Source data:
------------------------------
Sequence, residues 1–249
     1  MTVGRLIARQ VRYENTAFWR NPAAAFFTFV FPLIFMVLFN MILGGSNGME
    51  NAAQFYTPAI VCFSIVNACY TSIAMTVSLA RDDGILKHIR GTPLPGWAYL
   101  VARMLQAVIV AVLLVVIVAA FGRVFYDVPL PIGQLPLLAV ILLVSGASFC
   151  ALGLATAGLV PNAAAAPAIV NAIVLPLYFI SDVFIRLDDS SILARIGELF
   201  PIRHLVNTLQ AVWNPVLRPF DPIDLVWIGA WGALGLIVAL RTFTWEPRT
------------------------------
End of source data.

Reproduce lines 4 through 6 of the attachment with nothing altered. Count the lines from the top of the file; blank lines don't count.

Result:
   101  VARMLQAVIV AVLLVVIVAA FGRVFYDVPL PIGQLPLLAV ILLVSGASFC
   151  ALGLATAGLV PNAAAAPAIV NAIVLPLYFI SDVFIRLDDS SILARIGELF
   201  PIRHLVNTLQ AVWNPVLRPF DPIDLVWIGA WGALGLIVAL RTFTWEPRT